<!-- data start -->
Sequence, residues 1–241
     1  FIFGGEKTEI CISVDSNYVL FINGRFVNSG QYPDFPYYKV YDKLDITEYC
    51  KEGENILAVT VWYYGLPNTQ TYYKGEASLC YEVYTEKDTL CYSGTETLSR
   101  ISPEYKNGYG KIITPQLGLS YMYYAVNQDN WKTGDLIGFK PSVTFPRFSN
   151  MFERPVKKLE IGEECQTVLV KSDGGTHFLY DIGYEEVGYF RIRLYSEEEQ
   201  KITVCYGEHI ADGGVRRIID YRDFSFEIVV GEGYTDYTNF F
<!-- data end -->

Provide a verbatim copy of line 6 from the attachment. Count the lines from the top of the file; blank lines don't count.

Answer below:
   201  KITVCYGEHI ADGGVRRIID YRDFSFEIVV GEGYTDYTNF F